The 2019 Summer Art Collection

The 2019 Spring Collection represented the first time (formally) where I not only collected my non-digital artwork, I studied them against the backdrop of art history, theory and technique. Abstract art was a natural choice: you literally can’t screw it up. Now laugh all your want but the goal is to keep painting. Realism, and goal-oriented painting in general, opens the door to concepts like, “not good enough” and “eww”, which only serves to stop you from painting, which ultimately wilts that best possible future where you end up being phenomenal.

But in starting with Abstract art, I had inadvertently opened the door to new ideas and ideologies about art. New quirks, too. Dirty colors actually mesh better than fresh colors. That one extra stroke you want to add? Don’t. Mistakes are actually luxuriant chocolate commodities. It was all wild, kaleidoscopic stuff for a commercial digital artist raised by studio wolves.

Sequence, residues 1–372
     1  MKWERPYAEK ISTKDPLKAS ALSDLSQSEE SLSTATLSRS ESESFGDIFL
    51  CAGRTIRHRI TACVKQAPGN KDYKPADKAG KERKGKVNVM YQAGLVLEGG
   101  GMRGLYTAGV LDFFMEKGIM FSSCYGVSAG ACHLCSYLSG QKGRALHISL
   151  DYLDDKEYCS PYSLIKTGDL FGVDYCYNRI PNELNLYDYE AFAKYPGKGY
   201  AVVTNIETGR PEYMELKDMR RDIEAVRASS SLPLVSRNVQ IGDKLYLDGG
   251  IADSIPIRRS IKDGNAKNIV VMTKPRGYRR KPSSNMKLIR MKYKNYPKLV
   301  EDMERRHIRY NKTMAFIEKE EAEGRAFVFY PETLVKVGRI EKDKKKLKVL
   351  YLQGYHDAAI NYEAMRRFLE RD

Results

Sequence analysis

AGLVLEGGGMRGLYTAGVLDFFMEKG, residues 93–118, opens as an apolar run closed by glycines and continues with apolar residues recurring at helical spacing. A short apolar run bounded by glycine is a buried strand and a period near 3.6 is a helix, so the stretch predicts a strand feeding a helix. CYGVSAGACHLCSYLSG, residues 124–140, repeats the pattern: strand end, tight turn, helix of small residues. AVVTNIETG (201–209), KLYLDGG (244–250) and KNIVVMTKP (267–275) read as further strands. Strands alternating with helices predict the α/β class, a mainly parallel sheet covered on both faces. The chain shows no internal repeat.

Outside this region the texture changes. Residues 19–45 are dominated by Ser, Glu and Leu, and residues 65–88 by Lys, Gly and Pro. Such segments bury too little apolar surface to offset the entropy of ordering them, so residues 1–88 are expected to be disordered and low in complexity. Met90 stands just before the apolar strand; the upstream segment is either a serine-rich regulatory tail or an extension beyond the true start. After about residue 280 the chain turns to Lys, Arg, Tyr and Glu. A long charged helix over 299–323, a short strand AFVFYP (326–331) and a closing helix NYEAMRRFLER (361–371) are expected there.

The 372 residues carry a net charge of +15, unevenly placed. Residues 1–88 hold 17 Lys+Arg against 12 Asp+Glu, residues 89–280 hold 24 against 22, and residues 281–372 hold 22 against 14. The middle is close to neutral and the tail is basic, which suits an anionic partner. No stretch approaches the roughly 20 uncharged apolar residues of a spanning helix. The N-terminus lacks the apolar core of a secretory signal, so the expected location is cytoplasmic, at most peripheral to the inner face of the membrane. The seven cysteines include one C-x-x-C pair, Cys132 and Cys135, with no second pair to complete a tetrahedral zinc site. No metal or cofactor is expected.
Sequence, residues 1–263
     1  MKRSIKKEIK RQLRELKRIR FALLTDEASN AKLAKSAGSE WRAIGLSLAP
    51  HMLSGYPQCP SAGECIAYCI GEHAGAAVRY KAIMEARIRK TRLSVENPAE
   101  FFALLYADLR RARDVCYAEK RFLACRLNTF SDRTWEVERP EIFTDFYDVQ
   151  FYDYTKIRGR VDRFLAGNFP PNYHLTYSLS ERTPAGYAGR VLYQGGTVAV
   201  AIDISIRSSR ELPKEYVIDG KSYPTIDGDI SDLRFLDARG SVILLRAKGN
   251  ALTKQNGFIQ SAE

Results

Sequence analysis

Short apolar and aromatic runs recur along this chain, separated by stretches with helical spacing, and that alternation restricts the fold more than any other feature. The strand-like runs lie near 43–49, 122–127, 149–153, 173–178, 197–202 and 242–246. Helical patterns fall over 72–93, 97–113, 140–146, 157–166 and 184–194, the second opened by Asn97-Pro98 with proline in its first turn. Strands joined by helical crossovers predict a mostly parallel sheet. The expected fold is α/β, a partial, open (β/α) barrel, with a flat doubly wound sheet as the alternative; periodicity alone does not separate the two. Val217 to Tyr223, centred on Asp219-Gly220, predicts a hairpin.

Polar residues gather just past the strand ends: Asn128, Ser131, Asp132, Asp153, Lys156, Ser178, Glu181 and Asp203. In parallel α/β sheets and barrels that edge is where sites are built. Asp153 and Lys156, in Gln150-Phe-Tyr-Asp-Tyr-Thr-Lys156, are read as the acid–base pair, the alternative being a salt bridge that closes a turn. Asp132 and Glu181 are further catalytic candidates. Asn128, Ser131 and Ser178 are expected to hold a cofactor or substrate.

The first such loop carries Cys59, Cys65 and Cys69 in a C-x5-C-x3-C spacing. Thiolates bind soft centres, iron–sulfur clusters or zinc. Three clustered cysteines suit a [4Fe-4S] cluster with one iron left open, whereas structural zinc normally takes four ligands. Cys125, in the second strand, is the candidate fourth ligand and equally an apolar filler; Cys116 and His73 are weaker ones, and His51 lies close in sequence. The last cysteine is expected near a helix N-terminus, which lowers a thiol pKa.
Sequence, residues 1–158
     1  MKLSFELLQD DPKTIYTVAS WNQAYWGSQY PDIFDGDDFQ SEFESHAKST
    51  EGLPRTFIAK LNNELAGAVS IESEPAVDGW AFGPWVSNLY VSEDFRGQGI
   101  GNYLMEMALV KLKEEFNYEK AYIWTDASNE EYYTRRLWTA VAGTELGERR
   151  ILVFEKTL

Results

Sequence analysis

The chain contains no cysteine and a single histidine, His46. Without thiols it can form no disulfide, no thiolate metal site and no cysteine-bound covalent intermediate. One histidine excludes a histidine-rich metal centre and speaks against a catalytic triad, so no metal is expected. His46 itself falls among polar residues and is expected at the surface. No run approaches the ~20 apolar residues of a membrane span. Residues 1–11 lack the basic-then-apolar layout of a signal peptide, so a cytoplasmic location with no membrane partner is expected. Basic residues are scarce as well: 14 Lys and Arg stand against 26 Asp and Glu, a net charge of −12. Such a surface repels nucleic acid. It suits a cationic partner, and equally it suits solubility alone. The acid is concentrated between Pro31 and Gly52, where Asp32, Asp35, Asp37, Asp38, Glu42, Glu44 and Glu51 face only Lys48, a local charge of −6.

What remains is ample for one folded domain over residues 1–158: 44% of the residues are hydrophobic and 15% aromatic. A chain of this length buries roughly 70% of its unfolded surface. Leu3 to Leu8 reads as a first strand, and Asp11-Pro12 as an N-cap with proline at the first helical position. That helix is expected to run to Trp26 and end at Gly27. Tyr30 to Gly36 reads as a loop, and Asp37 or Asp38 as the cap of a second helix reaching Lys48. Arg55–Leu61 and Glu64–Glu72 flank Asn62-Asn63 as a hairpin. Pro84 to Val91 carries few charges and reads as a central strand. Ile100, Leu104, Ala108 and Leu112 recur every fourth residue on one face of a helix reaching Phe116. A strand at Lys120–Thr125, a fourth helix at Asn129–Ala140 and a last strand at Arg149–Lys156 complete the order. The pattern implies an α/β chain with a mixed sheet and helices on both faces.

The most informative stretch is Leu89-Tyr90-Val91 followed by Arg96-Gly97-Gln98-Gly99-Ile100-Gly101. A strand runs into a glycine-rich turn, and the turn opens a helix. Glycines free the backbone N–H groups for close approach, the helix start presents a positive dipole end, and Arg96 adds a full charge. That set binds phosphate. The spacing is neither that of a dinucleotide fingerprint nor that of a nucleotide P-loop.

So for the 2019 Summer Collection, I made sure to try to paint for at least an hour every day, always in the Abstract (2019 Spring Collection was a bit more formal). These are all process-driven; done in the heat of the moment and based off of nothing more than rubbing intuition and emotion together to start a fire.

These pieces all hover around the theme of growth balanced on the razor’s edge of ruin. The months preceding these artworks were full of growth and leisure, but perils and sicknesses and deaths as well. These works represent a tonal shift from painting for the aesthetics of it all to painting to express tones and moods. I think that’s interesting considering my UX Designer career taught me to focus on emotion first. Why it took me so long to apply that knowledge to all art is a mystery to me.


  • 2019 . Industrial Age . Chicago
  • Watercolor
  • Acrylic
  • Watercolor Pencil